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Chest Surg Clin N Am. 2001 May;11(2):421-37.

Surgery for thymoma.

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Department of Cardiothoracic Surgery, New York-Presbyterian Hospital, New York, New York, USA.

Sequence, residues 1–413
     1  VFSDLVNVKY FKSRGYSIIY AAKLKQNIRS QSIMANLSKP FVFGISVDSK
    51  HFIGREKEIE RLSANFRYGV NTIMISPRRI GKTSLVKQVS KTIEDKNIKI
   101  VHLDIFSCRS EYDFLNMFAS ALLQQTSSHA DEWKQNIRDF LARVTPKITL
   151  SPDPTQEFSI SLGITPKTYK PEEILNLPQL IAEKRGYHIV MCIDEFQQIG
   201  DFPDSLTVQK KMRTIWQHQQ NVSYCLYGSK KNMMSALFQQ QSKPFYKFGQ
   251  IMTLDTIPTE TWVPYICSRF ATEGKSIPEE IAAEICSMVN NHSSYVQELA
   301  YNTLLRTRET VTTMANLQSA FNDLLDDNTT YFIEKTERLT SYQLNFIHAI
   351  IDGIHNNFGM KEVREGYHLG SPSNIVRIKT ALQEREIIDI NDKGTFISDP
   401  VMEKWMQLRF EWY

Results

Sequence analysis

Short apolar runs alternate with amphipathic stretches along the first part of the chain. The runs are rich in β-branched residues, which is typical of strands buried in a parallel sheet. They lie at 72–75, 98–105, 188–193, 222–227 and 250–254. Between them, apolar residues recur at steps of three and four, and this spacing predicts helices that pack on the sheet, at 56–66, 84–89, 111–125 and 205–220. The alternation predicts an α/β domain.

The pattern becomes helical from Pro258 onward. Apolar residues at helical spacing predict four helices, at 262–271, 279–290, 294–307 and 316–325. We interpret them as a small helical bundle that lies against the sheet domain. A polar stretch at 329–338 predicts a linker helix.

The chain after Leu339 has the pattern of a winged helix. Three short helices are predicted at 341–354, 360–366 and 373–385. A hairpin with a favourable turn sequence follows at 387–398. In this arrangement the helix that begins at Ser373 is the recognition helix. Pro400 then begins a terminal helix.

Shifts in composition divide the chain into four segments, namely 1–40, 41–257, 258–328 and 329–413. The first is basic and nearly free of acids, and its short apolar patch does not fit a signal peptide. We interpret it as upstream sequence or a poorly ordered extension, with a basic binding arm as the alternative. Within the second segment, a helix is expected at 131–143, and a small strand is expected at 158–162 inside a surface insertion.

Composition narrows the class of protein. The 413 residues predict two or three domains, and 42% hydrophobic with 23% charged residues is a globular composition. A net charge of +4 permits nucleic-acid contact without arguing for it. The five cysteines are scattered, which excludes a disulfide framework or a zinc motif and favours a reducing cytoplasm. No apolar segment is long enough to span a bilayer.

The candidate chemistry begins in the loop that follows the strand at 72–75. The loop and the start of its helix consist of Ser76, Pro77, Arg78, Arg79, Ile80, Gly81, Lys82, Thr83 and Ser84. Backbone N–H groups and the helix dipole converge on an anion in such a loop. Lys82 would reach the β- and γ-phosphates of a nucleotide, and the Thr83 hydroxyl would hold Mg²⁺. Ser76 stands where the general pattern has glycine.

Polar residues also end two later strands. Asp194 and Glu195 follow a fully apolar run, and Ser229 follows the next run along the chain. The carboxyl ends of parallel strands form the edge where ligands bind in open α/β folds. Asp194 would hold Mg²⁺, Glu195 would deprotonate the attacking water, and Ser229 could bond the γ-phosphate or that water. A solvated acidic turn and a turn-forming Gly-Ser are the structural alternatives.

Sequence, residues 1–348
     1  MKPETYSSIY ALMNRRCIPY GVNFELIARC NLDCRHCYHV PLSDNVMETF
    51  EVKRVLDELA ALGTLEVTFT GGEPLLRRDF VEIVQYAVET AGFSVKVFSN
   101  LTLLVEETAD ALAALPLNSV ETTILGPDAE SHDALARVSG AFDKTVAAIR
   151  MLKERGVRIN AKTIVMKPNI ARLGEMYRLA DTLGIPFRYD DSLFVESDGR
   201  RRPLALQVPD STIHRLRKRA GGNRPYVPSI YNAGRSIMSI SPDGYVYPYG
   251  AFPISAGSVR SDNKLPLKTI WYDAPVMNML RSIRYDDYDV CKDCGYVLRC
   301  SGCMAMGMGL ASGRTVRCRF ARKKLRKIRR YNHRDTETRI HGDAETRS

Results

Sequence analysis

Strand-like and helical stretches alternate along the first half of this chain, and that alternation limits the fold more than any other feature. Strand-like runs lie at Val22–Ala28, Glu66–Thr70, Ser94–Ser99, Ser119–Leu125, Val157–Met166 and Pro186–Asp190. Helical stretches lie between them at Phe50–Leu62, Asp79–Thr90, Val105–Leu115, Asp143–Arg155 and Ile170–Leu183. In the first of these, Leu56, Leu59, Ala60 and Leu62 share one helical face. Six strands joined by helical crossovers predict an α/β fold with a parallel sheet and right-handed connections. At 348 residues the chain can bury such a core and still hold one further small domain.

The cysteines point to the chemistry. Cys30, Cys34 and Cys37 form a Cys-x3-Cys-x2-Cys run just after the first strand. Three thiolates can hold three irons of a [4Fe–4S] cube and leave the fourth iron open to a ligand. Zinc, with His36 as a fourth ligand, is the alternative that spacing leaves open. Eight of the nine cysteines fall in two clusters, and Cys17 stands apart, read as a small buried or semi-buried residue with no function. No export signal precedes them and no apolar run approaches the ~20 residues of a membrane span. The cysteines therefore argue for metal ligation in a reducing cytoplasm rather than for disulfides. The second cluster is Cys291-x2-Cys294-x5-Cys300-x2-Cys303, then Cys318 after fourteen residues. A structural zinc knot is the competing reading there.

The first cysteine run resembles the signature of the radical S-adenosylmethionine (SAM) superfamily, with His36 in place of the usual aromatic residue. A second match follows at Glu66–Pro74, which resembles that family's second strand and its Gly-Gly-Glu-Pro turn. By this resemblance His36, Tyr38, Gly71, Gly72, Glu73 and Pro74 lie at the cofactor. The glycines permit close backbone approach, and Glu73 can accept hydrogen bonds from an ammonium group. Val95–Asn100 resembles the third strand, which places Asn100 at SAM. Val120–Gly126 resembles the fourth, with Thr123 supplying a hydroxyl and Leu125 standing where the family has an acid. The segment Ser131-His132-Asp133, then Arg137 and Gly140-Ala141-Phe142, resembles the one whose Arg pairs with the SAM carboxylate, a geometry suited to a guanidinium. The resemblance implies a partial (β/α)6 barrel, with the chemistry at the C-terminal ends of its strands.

Although thymoma is an uncommon tumor, it represents the most frequently encountered tumor of the anterior mediastinum. These tumors represent an interesting and even peculiar group of lesions by virtue of their association with paraneoplastic disorders, their relatively indolent course, and their predisposition for local recurrence. The initial treatment of choice for patients with thymoma that do not present with unresectable local or diffuse metastatic disease is complete surgical resection. The goals of surgery are complete excision of the lesion with total thymectomy and complete exploration to rule out the presence of noncontiguous disease that may be resectable. Often, complete resection may require the resection of surrounding involved structures including pericardium, pleura, lung, and even major vascular structures. Some authors have suggested VATS or VATS-assisted techniques for small thymomas. Capsular invasion, however, often can be subtle, and the completeness of resection is of prime importance in countless studies. With recurrences appearing up to 5 and even 10 years postoperatively, time will tell if these minimally invasive techniques are comparable with current standard approaches. Multiple studies have failed to determine conclusively the role of induction chemotherapy and adjuvant radiation. Prospective multi-institutional trials are required to elucidate further the role of such therapies in these rare tumors. In the interim, the authors continue to recommend postoperative radiation for all patients undergoing resection with the exception of stage I patients. Some promising reports on response to chemotherapy have led them to develop an induction chemotherapy protocol for patients with clinically advanced disease.

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